Will Wright, creator of the Sims and the Spore, talks about the future of video games and digital learning in this conversation with Alexis Madrigal of The Atlantic. This program is part of The Atlantic Meets The Pacific, sponsored by the Atlantic and UC San Diego. Series: "The Atlantic Meets The Pacific".
Tagged with “gaming” (6)
The Atlantic Meets The Pacific: Exploring the Future of Gaming and Alternate Realities with Will Wright
Forget transmedia. Forget alternate and augmented realities. Forget multimedia magazines, tablets, phones and puzzling QR codes. Our challenge lies in figuring out the full-stack of entertainment, designed from the bottom right to the very top: for phones, physical objects—part of the Internet of things or otherwise—tablets and conventional computing devices, where art, code and design mesh together perfectly with directorial vision.
These teams producing our next generation of entertainment are right at the heart of Steve Jobs’ placing of Apple at the intersection of liberal arts and technology. Where did they come from, how are they evolving entertainment and how are they making storytelling, play, code and technology sing?
Dan Hon is a Creative Director at Wieden Kennedy in Portland, OR, where he works on the intersection between storytelling, games, play and code. A former lawyer, he’s worked for Mind Candy helping to build their first product, Perplex City, and co-founded Six to Start, an award-winning entertainment production company in 2007. He’s most known for being passionately for, and against, ARGs. He does not play World of Warcraft anymore.
When you think of a city, what is the first thing that comes to mind? Most likely it is the stuff that it is made up of: its streets and buildings, its parks and squares. But what sets a city apart, aside from its architecture, is how all that stuff is put to use. A city’s nightlife, a city’s cuisine, a city’s culture. In other words, what people make of the space they live in when they are at play.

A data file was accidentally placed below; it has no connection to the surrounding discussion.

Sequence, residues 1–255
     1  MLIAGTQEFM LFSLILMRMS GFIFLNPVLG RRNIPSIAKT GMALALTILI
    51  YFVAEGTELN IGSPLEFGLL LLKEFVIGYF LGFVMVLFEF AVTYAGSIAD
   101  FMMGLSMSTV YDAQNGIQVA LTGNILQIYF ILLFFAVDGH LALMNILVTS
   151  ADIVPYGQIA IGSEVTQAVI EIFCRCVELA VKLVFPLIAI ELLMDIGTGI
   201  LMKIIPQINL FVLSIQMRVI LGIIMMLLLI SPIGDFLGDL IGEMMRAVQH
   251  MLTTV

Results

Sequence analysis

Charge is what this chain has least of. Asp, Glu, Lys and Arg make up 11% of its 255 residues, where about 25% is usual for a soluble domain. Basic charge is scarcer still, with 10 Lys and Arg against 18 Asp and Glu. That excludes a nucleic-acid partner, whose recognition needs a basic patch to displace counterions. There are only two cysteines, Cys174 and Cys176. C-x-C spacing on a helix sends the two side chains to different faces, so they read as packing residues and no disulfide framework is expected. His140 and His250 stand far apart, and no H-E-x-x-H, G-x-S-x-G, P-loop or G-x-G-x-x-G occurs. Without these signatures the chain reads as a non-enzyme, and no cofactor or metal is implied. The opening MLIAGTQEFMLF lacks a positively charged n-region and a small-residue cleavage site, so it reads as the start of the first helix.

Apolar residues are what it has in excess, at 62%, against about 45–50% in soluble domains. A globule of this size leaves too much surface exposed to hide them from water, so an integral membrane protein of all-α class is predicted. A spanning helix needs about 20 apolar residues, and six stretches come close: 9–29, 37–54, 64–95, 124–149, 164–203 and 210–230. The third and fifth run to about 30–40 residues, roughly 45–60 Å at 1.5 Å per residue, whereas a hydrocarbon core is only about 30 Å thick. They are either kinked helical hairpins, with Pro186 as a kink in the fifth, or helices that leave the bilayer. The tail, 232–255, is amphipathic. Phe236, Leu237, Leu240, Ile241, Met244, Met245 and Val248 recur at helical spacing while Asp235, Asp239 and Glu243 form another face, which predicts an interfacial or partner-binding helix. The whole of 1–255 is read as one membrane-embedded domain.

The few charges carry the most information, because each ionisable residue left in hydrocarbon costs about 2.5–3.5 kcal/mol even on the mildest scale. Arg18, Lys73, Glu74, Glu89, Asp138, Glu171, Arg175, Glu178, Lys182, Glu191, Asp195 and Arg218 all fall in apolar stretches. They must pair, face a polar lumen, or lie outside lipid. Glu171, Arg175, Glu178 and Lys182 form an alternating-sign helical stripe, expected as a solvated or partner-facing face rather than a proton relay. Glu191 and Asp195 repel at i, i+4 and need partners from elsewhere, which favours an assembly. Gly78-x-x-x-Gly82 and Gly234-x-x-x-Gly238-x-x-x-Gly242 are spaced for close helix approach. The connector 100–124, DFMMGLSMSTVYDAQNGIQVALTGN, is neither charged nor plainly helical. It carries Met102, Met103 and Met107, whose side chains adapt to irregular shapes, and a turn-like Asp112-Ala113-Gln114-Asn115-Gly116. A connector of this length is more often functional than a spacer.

Play isn’t limited to the ‘soft side’ of urbanism. In fact, it turns out a building isn’t some prefixed structure capable of doing one thing only. Adaptation and reuse continuously transform what a city’s architecture is for, often from the bottom up. In this way, a city’s people shape their homes as well, quite literally.
What is at work in this process of city transformation, is nothing less than play. In cities, just as in games, people and the space they inhabit shape each other. Thus, in our Western cities, where reuse is overtaking construction of new space, we are all becoming architects.
In this session Kars looks at how game culture and play shape the urban fabric, how we might design systems that improve people’s capacity to do so, and how you yourself, through play, can transform the city you call home.
Kars Alfrink is ‘Chief Agent’ of Hubbub, a networked design studio for applied pervasive games. Hubbub works with organizations to create games that take place in public space, engage people physically, and are socially relevant. Amongst other things, these games are used to encourage good citizenship and to facilitate cultural participation.
Besides this, Kars teaches at the Utrecht School of the Arts, where he mentors students who are pursuing a Master of Arts in Interaction Design or Game Design & Development. He is also the initiator and co organizer of ‘This Happened’ — Utrecht,a series of lectures dedicated to the stories behind interaction design.
In his spare time, Kars practices a traditional Japanese martial art, and tries to keep up with geek culture.
Lately, Augmented Reality (AR) has come to stand for the highest and deepest form of synthesis between the digital and physical worlds. Slavin will outline an argument for rethinking what really augments reality and what the benefits are, as well as the costs.
Rather than considering AR as a technology, we will consider the goals we have for it, and how those are best addressed. Along the way, we’ll look at the history and future of seeing, with a series of stories, most of which are mostly true.
AR may be where all this goes. But how it gets there, and where there is, is up for debate. This is intended to serve to start or end that debate, or at a minimum, to bring the conference to a close by pointing at the future, perhaps in the wrong direction.
Kevin Slavin is the Managing Director and co-Founder of area/code. He has worked in corporate communications for technology-based clients for 13 years, including IBM, Compaq, Dell, TiVo, Time/Warner Cable, Microsoft, Wild Tangent and Qwest Wireless.
Slavin has lectured at the Cooper Union for the Advancement of Science and Art, the American Institute of Graphic Arts, and the Parsons School of Design, and has written for various publications on games and game culture. His work has received honors from the AIGA, the One Show, and the Art Directors Club, and he has exhibited internationally, including the Frankfurt Museum für Moderne Kunst.
What if games could help solve, rather than exacerbate, real-world problems? Jane McGonigal, author of the new book, Reality is Broken: Why Games Make Us Better and How They Can Change the World, thinks they can. She explains how games fulfill needs that reality doesn’t, and how to make real life more like a game.
Game industry legend Warren Spector, author of Epic Mickey, is this week’s guest.